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1894 Grand Prix Season

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1894 Grand Prix Season
Photo Credit: Public Domain.
Champion Constructor: None
Putative Constructor: Peugeot Panhard Daimler (FR,0,1)
Champion Driver: None
Putative Driver: Count Jules-Albert de Dion (FR,0,1)
Putative Constructor Entry Specification: Model Type 5, .565 liter, twin-cylinder Panhard Daimler, OHV, 2 to 3 horsepower (Armand Peugeot, Léon Serpollet).

The world changes forever in 1879 after German automotive pioneer Karl Benz designs and develops a single-cylinder, four-stroke air pump engine that solely runs upon distilled petroleum as its energy source. The Germans, French, and Italians each swiftly seize upon the new invention and soon thereafter begin the eternal humanistic pursuit for speed. A French Peugeot Panhard Daimler emerges at the historic maiden Paris-Rouen automobile contest in July 1894 as the first primary combustion automobile to take on the steam machines and lays claim to winning the first putative constructors' title in motorsport history. French Noble Count Jules-Albert de Dion actually crosses first in the seminal event in his eponymous steam-propelled conveyance. The French and its makes dominate European motorsport for the succeeding decade. Karl Benz receives a USA patent for his gasoline powered automobile in June. Existing Suppliers: German Continental (1871). Italian Pirelli (1872). British Dunlop (1888). French Michelin (1889). Racing Evolution: Atmospheric-hosted gas-fueled internal combustion engine (Otto, 1864). Compressed charge four-stroke engine (Otto, Daimler, Maybach, 1876). Self-propelled motorcycle with single cylinder engine (Daimler 1885). Self-propelled 'Motorwagen' automobile (Benz 1886). Four-cylinder configuration (Maybach 1890). Front engine configuration, rear wheel drive, clutch operated gearbox (Panhard et Levassor 1891). Detachable rubber-pneumatic tires from wheel rims (Michelin 1891). Compressed charge, compressed ignition engine (Diesel 1892). Phoenix engine with early carburetor design (Daimler 1892). Four-wheeled carriage chassis bodies (1894). Two-cylinder engine configuration (1894). Half-liter displacement engines (1894). Overhead valve design (Peugeot 1894). Steering wheel (Panhard et Levassor 1894). Existing Racing Makes: German Benz (1883). French De Dion Bouton (1883). French Serpollet (1886). German Daimler (1890). French Panhard et Levassor (autos 1891). French Peugeot (autos 1892). New Racing Makes: French Rochet Schneider.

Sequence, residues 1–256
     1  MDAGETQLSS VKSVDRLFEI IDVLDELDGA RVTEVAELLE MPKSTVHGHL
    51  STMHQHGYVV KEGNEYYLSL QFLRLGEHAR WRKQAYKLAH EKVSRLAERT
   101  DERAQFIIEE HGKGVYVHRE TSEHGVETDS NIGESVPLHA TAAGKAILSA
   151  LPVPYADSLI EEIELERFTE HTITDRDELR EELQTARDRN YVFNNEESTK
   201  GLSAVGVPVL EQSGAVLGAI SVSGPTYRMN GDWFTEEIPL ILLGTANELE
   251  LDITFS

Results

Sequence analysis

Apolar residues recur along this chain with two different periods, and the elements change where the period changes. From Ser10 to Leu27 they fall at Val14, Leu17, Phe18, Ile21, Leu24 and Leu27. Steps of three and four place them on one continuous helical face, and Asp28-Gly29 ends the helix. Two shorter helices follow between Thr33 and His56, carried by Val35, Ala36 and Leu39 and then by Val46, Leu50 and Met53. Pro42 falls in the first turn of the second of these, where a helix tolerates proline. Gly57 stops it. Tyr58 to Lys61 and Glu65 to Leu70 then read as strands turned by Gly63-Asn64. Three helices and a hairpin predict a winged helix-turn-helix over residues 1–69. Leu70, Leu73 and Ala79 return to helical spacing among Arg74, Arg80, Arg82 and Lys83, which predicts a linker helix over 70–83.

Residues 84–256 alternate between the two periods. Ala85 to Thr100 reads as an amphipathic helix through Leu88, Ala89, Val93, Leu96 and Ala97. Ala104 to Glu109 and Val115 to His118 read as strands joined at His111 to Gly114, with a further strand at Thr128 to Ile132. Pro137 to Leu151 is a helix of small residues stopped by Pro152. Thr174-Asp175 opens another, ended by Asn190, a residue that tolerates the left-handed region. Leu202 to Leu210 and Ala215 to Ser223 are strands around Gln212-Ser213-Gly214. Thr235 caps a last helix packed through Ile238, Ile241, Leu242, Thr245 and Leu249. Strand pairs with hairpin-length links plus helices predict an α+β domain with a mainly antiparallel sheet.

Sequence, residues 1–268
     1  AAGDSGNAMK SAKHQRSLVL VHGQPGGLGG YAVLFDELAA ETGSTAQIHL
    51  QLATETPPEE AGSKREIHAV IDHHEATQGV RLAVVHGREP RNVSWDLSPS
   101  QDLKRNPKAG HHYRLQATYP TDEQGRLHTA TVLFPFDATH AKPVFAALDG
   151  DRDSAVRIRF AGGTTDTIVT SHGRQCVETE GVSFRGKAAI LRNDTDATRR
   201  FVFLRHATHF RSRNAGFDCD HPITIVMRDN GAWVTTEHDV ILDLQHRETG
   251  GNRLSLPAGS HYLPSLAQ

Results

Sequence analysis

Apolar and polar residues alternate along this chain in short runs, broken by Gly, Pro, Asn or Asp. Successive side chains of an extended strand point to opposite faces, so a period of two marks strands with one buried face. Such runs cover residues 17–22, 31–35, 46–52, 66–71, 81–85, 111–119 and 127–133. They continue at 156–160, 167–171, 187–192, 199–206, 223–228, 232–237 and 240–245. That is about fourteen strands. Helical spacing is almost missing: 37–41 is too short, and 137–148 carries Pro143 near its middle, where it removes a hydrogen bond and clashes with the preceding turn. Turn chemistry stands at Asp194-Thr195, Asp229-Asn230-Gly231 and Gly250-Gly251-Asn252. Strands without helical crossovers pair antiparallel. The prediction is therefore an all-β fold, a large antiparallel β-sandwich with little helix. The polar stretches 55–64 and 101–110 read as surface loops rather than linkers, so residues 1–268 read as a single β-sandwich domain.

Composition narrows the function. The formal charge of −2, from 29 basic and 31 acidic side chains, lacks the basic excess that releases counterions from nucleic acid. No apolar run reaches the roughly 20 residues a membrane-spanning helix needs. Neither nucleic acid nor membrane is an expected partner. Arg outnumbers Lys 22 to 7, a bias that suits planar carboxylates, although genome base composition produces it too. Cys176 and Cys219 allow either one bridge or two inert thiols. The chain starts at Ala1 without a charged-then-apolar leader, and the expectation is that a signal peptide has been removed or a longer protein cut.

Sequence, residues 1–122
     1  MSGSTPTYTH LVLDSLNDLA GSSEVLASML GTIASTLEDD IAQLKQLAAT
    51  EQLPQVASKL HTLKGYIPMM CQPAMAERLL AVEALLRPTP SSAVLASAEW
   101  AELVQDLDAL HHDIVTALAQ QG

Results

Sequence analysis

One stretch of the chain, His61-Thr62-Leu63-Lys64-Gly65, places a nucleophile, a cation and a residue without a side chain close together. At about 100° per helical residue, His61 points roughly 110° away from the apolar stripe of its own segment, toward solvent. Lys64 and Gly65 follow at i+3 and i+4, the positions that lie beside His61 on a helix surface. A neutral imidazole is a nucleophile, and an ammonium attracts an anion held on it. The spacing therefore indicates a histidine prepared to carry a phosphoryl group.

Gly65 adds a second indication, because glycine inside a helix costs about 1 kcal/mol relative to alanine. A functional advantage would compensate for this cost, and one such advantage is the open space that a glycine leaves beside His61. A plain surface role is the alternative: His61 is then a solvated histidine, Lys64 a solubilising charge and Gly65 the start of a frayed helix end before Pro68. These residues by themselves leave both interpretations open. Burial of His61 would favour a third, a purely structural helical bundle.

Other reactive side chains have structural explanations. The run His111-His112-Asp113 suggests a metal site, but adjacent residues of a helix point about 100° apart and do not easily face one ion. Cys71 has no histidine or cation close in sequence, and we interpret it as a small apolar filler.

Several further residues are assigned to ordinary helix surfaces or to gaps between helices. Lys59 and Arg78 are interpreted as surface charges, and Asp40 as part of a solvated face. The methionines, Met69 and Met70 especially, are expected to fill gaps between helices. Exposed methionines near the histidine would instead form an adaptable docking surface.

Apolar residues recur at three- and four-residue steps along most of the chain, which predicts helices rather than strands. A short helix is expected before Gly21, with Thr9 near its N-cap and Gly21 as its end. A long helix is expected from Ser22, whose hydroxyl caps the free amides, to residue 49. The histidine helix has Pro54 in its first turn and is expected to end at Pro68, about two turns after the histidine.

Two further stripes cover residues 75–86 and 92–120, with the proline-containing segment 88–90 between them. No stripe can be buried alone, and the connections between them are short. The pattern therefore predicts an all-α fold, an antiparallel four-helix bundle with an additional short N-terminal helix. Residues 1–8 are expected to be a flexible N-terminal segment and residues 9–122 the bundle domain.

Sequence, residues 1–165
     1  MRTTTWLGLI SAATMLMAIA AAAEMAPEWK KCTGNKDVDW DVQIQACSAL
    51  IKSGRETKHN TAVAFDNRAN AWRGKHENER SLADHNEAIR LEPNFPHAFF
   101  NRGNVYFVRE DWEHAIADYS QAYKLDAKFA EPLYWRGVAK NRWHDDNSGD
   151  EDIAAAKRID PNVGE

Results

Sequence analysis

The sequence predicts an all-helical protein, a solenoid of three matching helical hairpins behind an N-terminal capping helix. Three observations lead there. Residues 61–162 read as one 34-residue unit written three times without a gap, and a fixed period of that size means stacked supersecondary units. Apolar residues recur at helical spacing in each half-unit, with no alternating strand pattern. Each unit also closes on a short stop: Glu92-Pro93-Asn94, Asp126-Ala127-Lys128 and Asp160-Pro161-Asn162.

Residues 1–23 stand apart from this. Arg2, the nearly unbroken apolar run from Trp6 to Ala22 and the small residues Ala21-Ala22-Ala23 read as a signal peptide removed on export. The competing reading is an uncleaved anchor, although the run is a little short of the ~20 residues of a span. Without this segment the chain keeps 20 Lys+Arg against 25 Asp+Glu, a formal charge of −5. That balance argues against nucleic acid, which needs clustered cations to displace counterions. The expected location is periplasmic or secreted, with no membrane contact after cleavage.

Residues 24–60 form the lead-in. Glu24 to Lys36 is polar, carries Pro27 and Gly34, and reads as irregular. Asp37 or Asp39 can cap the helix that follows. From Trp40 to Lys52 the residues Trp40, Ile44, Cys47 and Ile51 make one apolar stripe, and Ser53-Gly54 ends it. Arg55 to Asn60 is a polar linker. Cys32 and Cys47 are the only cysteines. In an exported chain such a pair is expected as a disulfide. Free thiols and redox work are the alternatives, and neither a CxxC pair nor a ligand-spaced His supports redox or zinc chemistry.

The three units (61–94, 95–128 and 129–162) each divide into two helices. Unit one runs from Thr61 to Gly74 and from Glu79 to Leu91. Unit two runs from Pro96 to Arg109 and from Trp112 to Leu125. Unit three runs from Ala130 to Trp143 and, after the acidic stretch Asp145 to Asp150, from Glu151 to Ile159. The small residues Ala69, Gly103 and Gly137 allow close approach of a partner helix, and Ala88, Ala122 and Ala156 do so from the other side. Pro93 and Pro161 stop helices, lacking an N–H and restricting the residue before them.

HeM applies the Putative Model to all racing seasons for two primary purposes: First, to effectively normalize all racing seasons for empirical comparison across the decades, and second, to step clear of series organizers which score season championships primarily out of commercial interest or to attract manufacturer participation. The Putative Model simply scores all seasons in the same fashion as a standard track and field meeting, with the only purpose of tracking what takes place at the finishing stripe If the Putative Champion differs from the nominal Series Champion, please note the (SC) notation below.

Peugeot Panhard Daimler14     C. J. De Dion (stm)12
De Dion Bouton12     Lemaitre8
Panhard Levassor5     Doriot5

Noteworthy 1894 Races

1894 I Paris-Rouen Grand Prix Rouen, France1894 1894 I Paris-Rouen Grand Prix At Rouen, France for the Paris-Rouen race (127 kilometers) in July, the race comes to a French De Dion Steam Wagon under the Comte Jules Albert de Dion (FR) in 6:48:00 (hours:minutes:seconds, average 11.6 mph), three and a half minutes ahead of a Peugeot entry. The race, largely run over unpaved roads and surfaces, stands out as perhaps the first motorsport endeavor designed to compare the relative fitness and performance among automobile manufacturers and their products. Of immediate import stands the runner-up French Peugeot Daimler Type 5 under Albert Lemaítre, which wins the automobile internal combustion classification in 6:51:30. Despite the superior speed and endurance of the Steam Wagon, many minds in the engineering community already foresee the limitations of steam propulsion for practical motoring in the automotive future. Photo Credit: Public Domain.